Wood and wooden furniture
Over time the finish will weather and start to wear off, and that's something to watch for, since protecting the wood's finish will lengthen the life of your hammock, chair or swing. We don't recommend taking our hammocks apart; instead, leave everything tied together and just work carefully around the rope. Sand the wood using 120-grit sandpaper. Note that some of the grey color close to the bolts will not come off. To refinish the wood, you can use any shade of polyurethane marine-grade varnish; we originally used high gloss, available at any hardware store. We applied 3 coats of varnish, but 2 coats should be sufficient. In between coats, lightly re-sand the wood pieces with 220-grit sand paper after the wood has air-dried for 24 hours. Refinishing is the perfect time to also replace the nuts, bolts, washers and screws, all readily available at your local hardware store.
Follow the same instructions as for our other wood furniture, except that we recommend using boiled linseed oil instead of marine varnish to finish your freshly sanded wood. Though marine varnish will do the trick, linseed oil is particularly nourishing to cypress wood, and offers superior protection.
Metal stand may begin to rust after years of use, made worse by scratches to the finish and foreign particles sticking to the stand. Since our metal swing and hammock stands are powder-coated, there's no specific touch-up paint available. For small blemishes, you should be able to match the stand's color pretty closely to a rust-resistant metallic paint at your local hardware store. To completely refinish the stand, lightly sand the metal poles, repainting with your choice of rust-resistant outdoor spray paint.
Don't put any of these in your washer or dryer; hand-wash only, letting them air-dry on a flat surface. Wash pillows with warm water, mild soap and a soft brush. With furniture pillows, remove the pad inside before cleaning; for hammock pillows, the pad should stay inside. You can use a garden hose and mild soap to clean the cushioned fabric we use for our swings and hammock pads.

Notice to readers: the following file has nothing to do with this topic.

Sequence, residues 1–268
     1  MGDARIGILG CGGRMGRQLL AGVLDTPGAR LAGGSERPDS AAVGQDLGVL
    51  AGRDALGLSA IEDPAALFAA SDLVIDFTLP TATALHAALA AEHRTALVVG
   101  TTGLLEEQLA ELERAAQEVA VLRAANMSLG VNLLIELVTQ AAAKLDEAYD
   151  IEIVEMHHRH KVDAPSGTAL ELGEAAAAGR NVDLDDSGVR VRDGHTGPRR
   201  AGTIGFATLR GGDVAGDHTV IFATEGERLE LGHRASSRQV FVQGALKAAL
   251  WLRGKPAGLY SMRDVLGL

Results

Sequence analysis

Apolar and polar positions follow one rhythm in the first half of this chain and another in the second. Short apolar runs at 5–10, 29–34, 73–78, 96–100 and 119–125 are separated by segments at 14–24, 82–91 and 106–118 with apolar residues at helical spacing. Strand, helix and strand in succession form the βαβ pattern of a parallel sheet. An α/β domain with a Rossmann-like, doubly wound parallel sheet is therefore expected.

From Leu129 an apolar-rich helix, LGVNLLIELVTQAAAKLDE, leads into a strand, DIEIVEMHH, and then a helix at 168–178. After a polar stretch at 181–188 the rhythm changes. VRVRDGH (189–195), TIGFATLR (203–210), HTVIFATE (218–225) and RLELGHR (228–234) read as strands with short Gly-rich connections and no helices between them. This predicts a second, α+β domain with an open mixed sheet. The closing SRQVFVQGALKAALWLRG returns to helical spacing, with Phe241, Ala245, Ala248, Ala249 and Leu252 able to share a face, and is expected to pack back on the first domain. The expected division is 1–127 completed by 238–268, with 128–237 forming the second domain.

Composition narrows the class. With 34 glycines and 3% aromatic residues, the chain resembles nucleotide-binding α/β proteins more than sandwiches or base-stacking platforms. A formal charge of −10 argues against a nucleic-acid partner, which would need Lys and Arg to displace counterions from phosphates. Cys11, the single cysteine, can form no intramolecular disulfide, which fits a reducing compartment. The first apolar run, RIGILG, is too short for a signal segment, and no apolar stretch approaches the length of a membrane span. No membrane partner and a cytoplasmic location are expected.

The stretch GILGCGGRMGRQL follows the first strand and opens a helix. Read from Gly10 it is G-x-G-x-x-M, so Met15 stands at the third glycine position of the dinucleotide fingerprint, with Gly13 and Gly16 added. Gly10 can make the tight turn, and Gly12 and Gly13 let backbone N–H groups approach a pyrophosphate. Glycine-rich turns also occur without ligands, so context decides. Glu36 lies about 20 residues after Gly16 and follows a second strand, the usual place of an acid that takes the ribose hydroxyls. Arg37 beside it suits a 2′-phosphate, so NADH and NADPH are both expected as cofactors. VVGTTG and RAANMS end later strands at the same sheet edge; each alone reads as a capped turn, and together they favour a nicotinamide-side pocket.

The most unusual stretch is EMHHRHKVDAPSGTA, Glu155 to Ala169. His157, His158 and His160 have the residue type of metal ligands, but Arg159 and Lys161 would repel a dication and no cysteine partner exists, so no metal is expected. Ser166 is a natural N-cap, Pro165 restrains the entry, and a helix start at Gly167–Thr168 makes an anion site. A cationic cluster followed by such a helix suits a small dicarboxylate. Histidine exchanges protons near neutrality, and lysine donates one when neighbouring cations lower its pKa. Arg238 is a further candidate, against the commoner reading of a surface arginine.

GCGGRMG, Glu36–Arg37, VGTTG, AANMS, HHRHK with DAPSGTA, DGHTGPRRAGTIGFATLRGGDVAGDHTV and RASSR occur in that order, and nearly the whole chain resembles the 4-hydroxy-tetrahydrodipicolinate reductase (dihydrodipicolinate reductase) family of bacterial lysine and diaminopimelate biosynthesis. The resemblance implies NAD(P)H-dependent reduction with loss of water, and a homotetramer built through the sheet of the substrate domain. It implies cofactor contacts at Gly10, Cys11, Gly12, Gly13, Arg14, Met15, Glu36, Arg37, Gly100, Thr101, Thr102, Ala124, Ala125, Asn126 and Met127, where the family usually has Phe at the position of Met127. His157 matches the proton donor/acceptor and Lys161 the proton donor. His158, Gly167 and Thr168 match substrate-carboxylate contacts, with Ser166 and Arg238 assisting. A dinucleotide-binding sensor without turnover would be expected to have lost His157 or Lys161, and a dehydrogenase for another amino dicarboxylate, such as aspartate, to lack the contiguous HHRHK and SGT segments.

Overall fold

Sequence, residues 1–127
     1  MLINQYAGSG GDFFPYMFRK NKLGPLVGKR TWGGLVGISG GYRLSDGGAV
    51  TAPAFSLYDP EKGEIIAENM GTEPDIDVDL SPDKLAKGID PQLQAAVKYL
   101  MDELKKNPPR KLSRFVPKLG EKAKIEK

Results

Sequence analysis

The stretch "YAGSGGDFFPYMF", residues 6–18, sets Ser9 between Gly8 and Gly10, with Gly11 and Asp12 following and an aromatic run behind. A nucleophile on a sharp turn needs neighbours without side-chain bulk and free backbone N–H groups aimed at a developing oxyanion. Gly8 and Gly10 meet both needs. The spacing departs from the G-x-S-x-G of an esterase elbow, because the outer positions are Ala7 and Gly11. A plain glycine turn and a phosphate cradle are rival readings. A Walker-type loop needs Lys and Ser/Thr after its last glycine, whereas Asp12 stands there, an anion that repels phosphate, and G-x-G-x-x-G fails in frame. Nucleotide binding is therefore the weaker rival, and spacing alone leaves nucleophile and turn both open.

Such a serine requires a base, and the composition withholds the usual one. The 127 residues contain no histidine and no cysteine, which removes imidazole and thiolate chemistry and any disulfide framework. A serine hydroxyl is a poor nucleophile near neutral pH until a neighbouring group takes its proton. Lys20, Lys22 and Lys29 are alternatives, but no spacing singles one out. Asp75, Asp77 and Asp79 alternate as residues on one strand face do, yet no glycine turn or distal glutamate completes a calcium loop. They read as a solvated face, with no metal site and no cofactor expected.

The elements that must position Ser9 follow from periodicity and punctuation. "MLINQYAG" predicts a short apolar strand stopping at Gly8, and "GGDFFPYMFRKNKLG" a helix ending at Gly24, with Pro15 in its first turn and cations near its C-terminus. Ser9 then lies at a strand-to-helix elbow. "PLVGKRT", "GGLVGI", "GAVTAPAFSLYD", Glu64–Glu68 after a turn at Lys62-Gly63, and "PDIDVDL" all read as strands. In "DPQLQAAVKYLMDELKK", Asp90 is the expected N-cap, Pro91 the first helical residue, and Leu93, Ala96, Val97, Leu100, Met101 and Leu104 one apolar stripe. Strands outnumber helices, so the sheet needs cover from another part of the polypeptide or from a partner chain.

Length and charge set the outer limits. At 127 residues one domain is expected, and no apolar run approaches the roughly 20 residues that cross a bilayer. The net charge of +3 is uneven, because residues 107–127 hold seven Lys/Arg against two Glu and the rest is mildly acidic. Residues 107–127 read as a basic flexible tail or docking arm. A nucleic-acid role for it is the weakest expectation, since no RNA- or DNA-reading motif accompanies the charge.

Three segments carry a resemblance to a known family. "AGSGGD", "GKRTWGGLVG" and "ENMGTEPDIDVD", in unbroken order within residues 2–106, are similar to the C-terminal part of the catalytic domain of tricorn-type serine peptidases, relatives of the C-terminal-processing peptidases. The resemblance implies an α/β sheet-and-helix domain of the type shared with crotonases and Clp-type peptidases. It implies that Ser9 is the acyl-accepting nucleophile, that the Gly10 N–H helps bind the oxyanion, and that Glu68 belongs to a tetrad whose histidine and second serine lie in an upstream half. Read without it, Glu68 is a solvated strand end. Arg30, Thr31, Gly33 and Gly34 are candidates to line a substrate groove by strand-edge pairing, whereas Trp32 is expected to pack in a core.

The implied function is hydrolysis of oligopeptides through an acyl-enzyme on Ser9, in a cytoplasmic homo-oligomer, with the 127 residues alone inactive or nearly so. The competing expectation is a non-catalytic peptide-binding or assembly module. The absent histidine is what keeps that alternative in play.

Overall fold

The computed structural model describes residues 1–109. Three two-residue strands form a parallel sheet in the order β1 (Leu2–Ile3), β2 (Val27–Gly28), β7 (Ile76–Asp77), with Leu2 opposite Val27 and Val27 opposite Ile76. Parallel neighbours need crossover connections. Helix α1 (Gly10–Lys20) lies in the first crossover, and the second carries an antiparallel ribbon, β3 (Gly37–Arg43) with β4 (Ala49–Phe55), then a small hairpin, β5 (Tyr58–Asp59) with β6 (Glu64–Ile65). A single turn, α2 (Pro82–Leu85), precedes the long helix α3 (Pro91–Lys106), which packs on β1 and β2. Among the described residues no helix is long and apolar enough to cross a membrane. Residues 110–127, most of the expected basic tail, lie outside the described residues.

It’s the first warm day of the year. You finally drag yourself outdoors, grabbing your trusty hammock as you step out into the sun. Back in your favorite spot, you steal a few minutes of meditation on the ropes before life pulls you back inside. But the next time you’re able to make it to the backyard, you’re horrified to discover your hammock hanging oddly, no longer suspended by the same tightly woven rope it once was. The squirrels have had their way, and made off with your little slice of paradise.
What's the most practical thing to do?
Contact a nearby pest control company for the best localized advice on keeping squirrels out of your yard. They’ll know best how to deal with the critters around your location.
Always opt for humane forms of prevention whenever possible:
- Station a wind chime nearby. The sound could keep timid foragers from coming in the area around your hammock.
- If you’re hanging your hammock between two trees, consider purchasing a hammock stand and moving your hammock closer to your home.
- We’ve also found that hammocks made from DuraCord, a synthetic polyester blend of rope, tend to be less appealing to rodents. While still as soft as cotton on the skin, the fibers are denser and far more difficult for rodents to chew through.
- Fabric Hammocks are another great option, because they offer fewer vulnerable ropes for critters to gnaw on.
Bottom line: The easiest way to critter-proof your hammock is simply to bring it inside when not in use. A little bit annoying, but far less than having to replace a squirrel-chewed hammock. Not to mention it’s just about the only way to prevent this.